Source: World Meteorological Organization
The World Meteorological Organization is seeking to verify a reported new record temperature north of the Arctic Circle of 38° Celsius. This was on 20 June in the Russian town of Verkhoyansk amid a prolonged Siberian heatwave and increase in wildfire activity.
Verkhoyansk, located in the northern part of Republic of Sakha (Yakutia), is in a region of Eastern Siberia which has an extreme very harsh dry continental climate (very cold winter and hot summer).
The Verkhoyansk meteorological station had a previous air temperature record of 37.3° C observed on July 25, 1988, according to scientists German Alekseenkov and Vasily Smolyanitsky at the Arctic and Antarctic Research Institute of the Russian Federal Service for Hydrometeorological and Environmental Monitoring (Roshydromet). The station has provided daily measurements since 1885.
Final information on whether this record maximum is for the whole area of the Arctic northward of Polar Circle needs to be assessed when more complete weather data is available.
Once WMO receives confirmation of the temperature from Roshydromet, it will then refer the finding for verification by a team of investigators for its Weather and Climate Extremes Archive. This provides details of global, hemispheric, and continental extremes (heat, precipitation etc).
Until now WMO has not verified potential records for “highest temperature recorded north of Arctic Circle”. However, the interest in this extreme observation has garnered enough interest that we are currently studying the creation of such a new category for the official Archive, according to Randall Cerveny, WMO’s Special Rapporteur on Weather and Climate Extremes.
“A WMO fast-response evaluation team has given tentative acceptance of this observation as a legitimate observation, which is consistent with current upper air observations at the time in Siberia,” said Professor Cerveny,. “This will now be subject to a normal process for a detailed formal review by a panel of WMO atmospheric scientists.”
“It has been an unusually hot spring in Siberia, and the coinciding lack of underlying snow in the region combined with overall global temperature increases, undoubtedly helped play a critical role in causing this extreme temperature observation,” said Prof Cerveny, President’s Professor of Geographical Sciences, Arizona State University.
As part of the verification process, WMO is contacting the Russian meteorological agency to collect direct information on the observation (such as the actual data, the type of equipment used, the quality-checks and calibration of the instrument, the observation monitoring techniques, the correspondence to surrounding stations, etc.
“Those data will then be very carefully examined by an international panel of atmospheric scientists. Fundamentally, these evaluations are very thorough and time-consuming projects. But the end result will be incredibly valuable information that will help climate scientists better understand climate, engineers and medical doctors better prepare for climate extremes and even the general public in achieving a better appreciation of climate change across this planet,” said Prof Cerveny.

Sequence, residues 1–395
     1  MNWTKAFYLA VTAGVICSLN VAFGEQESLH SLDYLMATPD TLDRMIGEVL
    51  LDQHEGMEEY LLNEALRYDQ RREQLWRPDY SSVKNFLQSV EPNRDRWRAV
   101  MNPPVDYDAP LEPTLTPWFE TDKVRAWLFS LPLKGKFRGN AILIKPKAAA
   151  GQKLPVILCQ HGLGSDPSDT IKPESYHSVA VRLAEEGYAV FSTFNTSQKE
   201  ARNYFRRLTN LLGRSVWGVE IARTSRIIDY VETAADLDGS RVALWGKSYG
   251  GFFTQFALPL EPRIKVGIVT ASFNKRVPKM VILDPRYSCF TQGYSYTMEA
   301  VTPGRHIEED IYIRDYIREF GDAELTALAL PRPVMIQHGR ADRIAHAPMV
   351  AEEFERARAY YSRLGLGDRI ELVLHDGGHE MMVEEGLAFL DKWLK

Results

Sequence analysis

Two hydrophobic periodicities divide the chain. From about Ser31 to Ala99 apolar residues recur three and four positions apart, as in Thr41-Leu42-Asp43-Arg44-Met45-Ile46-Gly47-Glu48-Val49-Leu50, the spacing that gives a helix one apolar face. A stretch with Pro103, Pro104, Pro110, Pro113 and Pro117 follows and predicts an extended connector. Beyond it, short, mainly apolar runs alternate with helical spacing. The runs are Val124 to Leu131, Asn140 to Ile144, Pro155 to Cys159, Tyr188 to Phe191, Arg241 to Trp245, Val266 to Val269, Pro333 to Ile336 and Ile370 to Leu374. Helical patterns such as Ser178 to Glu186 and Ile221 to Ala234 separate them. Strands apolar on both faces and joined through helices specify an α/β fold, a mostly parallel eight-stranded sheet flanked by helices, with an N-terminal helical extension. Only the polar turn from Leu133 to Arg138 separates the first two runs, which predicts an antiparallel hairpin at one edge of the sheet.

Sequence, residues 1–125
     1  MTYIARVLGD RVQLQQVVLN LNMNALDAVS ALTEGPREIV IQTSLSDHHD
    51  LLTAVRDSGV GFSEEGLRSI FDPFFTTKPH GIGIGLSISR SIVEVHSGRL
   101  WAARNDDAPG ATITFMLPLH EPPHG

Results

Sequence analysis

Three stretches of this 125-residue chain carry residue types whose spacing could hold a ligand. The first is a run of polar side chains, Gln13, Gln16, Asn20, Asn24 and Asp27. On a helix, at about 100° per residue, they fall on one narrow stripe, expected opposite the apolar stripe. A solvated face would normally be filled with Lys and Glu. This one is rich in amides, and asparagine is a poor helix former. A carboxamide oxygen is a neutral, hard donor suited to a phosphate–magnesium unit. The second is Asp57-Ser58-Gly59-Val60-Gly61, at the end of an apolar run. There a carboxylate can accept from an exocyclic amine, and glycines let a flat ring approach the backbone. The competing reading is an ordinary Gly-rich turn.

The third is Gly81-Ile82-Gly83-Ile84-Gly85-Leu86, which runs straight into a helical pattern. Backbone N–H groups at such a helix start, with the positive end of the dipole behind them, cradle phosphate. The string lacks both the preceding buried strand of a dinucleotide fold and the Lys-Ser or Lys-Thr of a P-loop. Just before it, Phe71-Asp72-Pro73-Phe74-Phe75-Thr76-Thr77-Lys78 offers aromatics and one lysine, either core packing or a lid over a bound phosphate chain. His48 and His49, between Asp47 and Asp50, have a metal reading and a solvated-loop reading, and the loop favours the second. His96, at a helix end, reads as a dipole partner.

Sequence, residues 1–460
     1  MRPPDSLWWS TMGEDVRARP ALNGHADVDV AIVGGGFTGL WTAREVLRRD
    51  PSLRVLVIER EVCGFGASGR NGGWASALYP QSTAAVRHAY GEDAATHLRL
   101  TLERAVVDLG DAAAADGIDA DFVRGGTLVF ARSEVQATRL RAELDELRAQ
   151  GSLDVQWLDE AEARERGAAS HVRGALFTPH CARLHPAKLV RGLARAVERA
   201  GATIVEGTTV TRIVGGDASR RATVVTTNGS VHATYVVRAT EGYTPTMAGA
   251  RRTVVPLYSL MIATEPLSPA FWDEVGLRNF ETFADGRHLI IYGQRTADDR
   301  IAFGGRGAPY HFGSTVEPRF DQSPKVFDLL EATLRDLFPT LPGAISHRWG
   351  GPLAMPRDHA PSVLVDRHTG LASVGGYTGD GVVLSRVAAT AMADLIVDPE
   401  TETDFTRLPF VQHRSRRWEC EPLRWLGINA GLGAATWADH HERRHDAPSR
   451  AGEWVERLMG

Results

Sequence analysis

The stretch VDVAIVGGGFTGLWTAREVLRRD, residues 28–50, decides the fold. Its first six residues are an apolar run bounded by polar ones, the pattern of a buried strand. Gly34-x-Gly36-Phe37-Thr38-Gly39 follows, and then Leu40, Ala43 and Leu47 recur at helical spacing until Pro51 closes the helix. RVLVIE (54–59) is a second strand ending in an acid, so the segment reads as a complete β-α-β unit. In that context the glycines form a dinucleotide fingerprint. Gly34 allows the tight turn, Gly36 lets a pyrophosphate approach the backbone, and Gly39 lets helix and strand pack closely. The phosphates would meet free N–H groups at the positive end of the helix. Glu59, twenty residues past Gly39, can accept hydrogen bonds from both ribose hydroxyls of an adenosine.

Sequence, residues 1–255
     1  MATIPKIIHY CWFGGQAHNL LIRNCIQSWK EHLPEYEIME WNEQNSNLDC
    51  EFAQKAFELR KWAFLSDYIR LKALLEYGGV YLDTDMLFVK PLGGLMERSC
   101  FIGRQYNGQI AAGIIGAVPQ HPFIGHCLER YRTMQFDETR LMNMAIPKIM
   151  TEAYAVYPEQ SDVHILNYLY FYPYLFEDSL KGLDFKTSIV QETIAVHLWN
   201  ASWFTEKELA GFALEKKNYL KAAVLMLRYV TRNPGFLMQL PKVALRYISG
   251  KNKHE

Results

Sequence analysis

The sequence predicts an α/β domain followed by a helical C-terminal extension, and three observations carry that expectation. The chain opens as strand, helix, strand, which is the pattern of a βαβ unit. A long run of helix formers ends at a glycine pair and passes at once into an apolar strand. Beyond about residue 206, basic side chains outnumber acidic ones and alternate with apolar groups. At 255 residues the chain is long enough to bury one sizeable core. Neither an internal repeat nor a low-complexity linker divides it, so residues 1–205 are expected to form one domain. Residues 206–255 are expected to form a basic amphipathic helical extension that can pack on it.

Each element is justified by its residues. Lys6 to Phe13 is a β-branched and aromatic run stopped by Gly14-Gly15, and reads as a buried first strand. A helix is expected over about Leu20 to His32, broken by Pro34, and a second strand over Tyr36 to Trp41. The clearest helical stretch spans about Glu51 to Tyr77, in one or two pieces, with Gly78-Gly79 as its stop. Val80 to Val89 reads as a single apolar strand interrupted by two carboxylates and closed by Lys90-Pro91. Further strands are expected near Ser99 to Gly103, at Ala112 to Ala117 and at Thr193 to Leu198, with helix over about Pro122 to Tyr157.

The Arctic is among the fastest warming regions in the world and is heating at twice the global average. Annual surface air temperatures over the last 4 years (2016–2019) in the Arctic (60°–85°N) have been the highest on record. The volume of Arctic sea-ice in the month of September 2019 (after the melting season) has declined by more than 50% compared to the mean value for 1979–2019.
Siberia has witnessed exceptional heat, with temperatures up to 10°C (18.5 °F) above average in May and driving the warmest May on record for the entire Northern hemisphere and indeed the globe.
But it wasn’t just May that was unusually mild in this region; the whole of winter and spring had repeated periods of higher-than-average surface air temperatures, particularly from January onwards.
The unusual warmth in winter and spring was associated with an exceptionally early break-up of ice in Siberia’s rivers.
Europe’s Copernicus Climate Change Service carried out more in-depth exploration of their data.
“Although the planet as a whole is warming, this isn’t happening evenly. For example, western Siberia stands out as a region that is warming faster than average and where variations in temperature from month to month and year to year tend to be large. This means that, to some extent, large temperature anomalies are not unexpected. However, what is unusual in this case is how long the warmer-than-average anomalies have persisted,” said Copernicus.
Copernicus Atmospheric Monitoring Service said the number and intensity of wildfires in Northeastern Siberia and the Arctic circle has continued to increase over the last few days. The daily total intensity is at similar levels to that observed in 2019.
Above normal temperatures are expected to continue across the majority of the Arctic for June–August 2020, according to the Arctic Climate Forum, which provides information for decision-makers about a rapidly changing region, which is warming more than twice the global mean.
In the discussion on regional impacts for both Western and Eastern Siberia, the Forum warned of a possible risk of forest fires at the beginning of summer due to above normal temperature and below normal precipitation. Forecasted high temperatures may lead to continued permafrost degradation and coastal erosion. The reduction in the sea-ice extent and permafrost degradation in tundra may create difficulties for “keystone” species, e.g. polar bears, caribou, whales etc, The thawing of permafrost has implications also for the stability of structures constructed there as well as the potential release of methane, a powerful greenhouse gas.